The Uproar

Banned Book Club: The 57 Bus

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Banned Book Club: The 57 Bus

photo by Roman Hladio

photo by Roman Hladio

photo by Roman Hladio

Roman Hladio, Reporter

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I’d first like to apologize to anyone who was excited for The Perks of Being a Wallflower.  I got so swept up in reading for English and prepping for Battle of the Books with the library club that throwing another book into the mix would have made me go insane.  That being said, I did read a book that fits the criteria and has been challenged before, so I will be using The 57 Bus by Dashka Slater for this month and postponing The Perks of Being a Wallflower until next month.

The 57 Bus is a nonfiction book written about a crime that took place on the 57 bus in Oakland, California.  It is often challenged for presenting LGBTQ+ themes, as well as a few displays of violence.

Sasha is a senior at a private high school for gifted students.  They prefer to use they/them/their pronouns and identify as agender.  Born Luke, Sasha decided near the end of their freshman year that they didn’t want to be bound by any gender norms.  By the time the events of the book take place, Sasha’s everyday outfit usually involves a button down and a bowtie paired with a skirt.

Richard is a junior at Oakland public high school.  He’s what is referred to typically as a product of the system.  He lives with his mother as they economically struggle to keep above the water.  Everyone who knows him regards him as kind and witty, which is why they’re thrown for such a curveball.

One day, as both teens ride the 57 bus home from school, Richard and a friend, who in hindsight wasn’t the best influence, see Sasha napping.  As a joke, Richard is challenged to hold a lighter up to the skirt to cause a scene and get some entertainment out of it. When he does it though, the skirt bursts into flames, causing a greater ordeal than originally anticipated.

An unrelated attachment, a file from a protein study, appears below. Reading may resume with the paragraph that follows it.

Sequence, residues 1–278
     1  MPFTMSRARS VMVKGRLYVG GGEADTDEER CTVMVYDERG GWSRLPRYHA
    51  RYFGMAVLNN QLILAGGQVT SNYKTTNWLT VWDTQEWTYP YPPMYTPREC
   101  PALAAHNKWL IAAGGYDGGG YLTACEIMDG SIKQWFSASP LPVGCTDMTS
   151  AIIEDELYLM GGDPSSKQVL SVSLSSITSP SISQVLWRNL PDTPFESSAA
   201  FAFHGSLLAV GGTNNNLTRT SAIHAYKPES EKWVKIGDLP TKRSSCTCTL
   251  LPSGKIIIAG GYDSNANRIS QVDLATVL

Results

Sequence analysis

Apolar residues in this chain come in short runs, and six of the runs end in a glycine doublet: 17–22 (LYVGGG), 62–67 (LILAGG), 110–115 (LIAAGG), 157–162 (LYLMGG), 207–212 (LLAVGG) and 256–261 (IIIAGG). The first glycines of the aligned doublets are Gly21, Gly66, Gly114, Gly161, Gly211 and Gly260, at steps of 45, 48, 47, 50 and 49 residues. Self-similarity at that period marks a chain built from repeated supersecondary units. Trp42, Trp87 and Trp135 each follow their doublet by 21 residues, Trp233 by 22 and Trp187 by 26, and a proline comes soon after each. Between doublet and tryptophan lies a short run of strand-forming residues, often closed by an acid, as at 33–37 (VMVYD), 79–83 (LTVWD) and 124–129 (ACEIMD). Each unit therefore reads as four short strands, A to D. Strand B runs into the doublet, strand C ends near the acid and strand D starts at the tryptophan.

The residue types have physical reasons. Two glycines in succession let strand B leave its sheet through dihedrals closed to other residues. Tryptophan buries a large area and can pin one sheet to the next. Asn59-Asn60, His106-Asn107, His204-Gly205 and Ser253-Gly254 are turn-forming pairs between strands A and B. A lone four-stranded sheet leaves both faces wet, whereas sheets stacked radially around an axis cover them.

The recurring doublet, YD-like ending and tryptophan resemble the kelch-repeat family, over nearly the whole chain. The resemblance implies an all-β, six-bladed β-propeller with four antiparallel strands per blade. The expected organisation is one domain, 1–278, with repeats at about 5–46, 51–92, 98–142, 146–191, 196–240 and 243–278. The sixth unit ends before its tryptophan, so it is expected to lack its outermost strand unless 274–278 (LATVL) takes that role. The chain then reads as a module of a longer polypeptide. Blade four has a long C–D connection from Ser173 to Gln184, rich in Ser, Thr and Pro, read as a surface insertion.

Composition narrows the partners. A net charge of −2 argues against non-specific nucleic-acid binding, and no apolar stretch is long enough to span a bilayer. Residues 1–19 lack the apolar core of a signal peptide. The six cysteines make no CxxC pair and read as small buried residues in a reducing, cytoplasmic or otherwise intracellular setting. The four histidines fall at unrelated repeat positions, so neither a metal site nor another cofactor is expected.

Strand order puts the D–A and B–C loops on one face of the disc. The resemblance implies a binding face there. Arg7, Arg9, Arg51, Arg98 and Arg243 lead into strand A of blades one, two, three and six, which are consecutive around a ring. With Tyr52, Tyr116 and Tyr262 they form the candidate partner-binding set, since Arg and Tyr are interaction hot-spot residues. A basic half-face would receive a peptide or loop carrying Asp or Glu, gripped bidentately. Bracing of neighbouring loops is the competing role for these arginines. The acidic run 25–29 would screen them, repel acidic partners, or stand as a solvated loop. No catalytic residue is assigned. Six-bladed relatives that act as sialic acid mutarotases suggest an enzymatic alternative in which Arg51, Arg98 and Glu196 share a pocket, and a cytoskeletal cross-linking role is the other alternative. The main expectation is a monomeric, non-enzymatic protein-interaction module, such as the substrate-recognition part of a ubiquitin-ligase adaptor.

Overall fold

The 57 Bus takes off from this point.  Similar to a true crime podcast, it covers the trial and sentencing of Richard, looks into other possible motives, and discusses the aftermath of what was dubbed a hate crime by California courts.

I’m not going to lie — at some points, The 57 Bus was a little rough.  I found myself having to push through sometimes just because it doesn’t have as much intrigue as every fictitious book ever written, but it is relevant to our culture and provides a real picture of the consequences people face for crimes.

Like I said, The Perks of Being a Wallflower is up for next month.  Again, I’m sorry if you were looking forward to it.  Library club meets next Wednesday, March 6th, in case you’re interested.  Also I’d like to congratulate myself and the other members for a battle well fought in the Battle of the Books — article coming soon!

About the Writer
Roman Hladio, Reporter

Roman is a senior at NASH.  Along with his favorite hobby of bingeing podcasts, he enjoys wasting time with friends, listening to Gordon Ramsey yell at...

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